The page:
During a commodity boom, prices go up; on the bust side, prices go down. These days, we are feeling the effects of the bust side of the cycle. This cycle is implicitly tied to China’s rapid growth in the middle of the last decade. China was able to manufacture goods inexpensively, so the U.S. and other world manufacturers moved factories overseas. They helped Chinese manufacturers build the infrastructure to produce goods for export. There was a tremendous desire for natural resources like steel, iron ore, copper, and crude oil in China to set up this infrastructure to produce exports.
Today, China is not the same manufacturing powerhouse it once was and there is no longer the same demand for these natural resources. Global commodity prices are falling. Companies in countries like Brazil, Chile, and Peru are not able to sustain the revenues from the boom period, so economies in these countries are hurting.
All commodity booms and busts end however. Prices fall to such a low level that commodity manufacturers stop producing. Currently, we are waiting for the bust to hit bottom; we see signs that we are getting close to that point.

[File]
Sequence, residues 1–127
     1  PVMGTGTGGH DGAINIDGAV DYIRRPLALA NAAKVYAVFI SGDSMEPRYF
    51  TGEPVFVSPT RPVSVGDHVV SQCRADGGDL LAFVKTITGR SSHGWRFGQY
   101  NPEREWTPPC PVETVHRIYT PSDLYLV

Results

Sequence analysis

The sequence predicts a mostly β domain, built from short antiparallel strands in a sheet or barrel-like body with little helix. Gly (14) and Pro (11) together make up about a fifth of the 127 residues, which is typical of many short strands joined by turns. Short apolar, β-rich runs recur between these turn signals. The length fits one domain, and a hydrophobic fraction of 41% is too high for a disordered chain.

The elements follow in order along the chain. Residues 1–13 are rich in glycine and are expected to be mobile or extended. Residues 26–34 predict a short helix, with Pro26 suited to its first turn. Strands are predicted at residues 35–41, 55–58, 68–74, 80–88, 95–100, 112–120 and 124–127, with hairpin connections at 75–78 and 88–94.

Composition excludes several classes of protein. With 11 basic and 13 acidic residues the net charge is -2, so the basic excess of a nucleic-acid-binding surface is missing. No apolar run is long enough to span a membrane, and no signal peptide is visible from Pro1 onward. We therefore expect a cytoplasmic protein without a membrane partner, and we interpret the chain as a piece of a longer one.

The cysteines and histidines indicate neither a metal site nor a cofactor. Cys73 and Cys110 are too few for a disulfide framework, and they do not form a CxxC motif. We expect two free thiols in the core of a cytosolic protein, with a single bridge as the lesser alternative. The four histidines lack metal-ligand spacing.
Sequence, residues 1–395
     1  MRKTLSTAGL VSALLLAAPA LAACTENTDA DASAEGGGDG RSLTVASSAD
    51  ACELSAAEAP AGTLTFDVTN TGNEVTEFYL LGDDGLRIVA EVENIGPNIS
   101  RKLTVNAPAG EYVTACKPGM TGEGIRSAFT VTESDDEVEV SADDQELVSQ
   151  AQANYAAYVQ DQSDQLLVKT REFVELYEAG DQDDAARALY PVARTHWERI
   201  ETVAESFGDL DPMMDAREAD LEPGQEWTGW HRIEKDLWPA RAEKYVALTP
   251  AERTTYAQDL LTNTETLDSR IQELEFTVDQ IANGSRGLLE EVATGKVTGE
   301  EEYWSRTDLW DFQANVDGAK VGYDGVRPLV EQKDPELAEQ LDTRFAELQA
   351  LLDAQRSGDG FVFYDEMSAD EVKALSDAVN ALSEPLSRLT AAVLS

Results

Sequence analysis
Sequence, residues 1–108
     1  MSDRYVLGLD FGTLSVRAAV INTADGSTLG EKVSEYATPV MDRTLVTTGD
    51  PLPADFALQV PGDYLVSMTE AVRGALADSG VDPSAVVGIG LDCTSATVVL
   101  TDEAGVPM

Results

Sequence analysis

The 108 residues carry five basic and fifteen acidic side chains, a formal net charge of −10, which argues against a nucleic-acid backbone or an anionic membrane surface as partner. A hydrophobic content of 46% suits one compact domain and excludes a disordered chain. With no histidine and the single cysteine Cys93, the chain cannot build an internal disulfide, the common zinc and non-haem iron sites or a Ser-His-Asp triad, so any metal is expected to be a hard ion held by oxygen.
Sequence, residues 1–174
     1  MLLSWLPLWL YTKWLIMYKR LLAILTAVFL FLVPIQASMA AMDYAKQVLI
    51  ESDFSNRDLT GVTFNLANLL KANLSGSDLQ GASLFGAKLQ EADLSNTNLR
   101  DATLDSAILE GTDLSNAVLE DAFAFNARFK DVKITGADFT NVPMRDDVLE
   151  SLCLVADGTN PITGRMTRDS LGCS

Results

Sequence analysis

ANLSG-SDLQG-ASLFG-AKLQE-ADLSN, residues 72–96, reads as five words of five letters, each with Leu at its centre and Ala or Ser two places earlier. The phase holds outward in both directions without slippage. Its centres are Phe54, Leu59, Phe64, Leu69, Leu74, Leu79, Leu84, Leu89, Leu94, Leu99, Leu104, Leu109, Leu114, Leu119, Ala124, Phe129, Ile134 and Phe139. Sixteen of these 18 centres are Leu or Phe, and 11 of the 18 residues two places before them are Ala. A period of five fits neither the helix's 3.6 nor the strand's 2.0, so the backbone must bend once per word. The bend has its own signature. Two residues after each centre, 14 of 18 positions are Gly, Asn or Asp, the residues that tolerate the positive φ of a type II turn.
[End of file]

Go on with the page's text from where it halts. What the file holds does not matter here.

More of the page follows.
The Road Ahead
We see the typical economic cycle driven by interest rates and housing. With exports slowing, the domino effect will be felt throughout the supply chain. Because of market turmoil, many have second thoughts about the strength of the economy and outlook. The U.S. presidential election impact remains to be seen.
At this point, business leaders are cautious, without being overly pessimistic. There is business risk involved with planning, knowing that unforeseen factors can play on forecasts, so they are wisely proceeding with some caution.
Christopher S. Rupkey, CFA
Managing Director, Chief Financial Economist
MUFG Union Bank, N.A.
A graduate of the University of California, Berkeley, with an A.B. in Economics, Mr. Rupkey then received his M.A. in Economics from Columbia University in New York. Mr. Rupkey spent his early career working for Larry Kudlow at UBS Paine Webber, moving on to become Chief Economist at Cantor, Fitzgerald. At MUFG Union Bank, N.A., Mr. Rupkey is presently Managing Director and Chief Financial Economist in the Economic Research Group, focusing on financial markets, Federal Reserve policy and international economies including Japan. He has published the Financial Market Weekly for the bank for more than 20 years.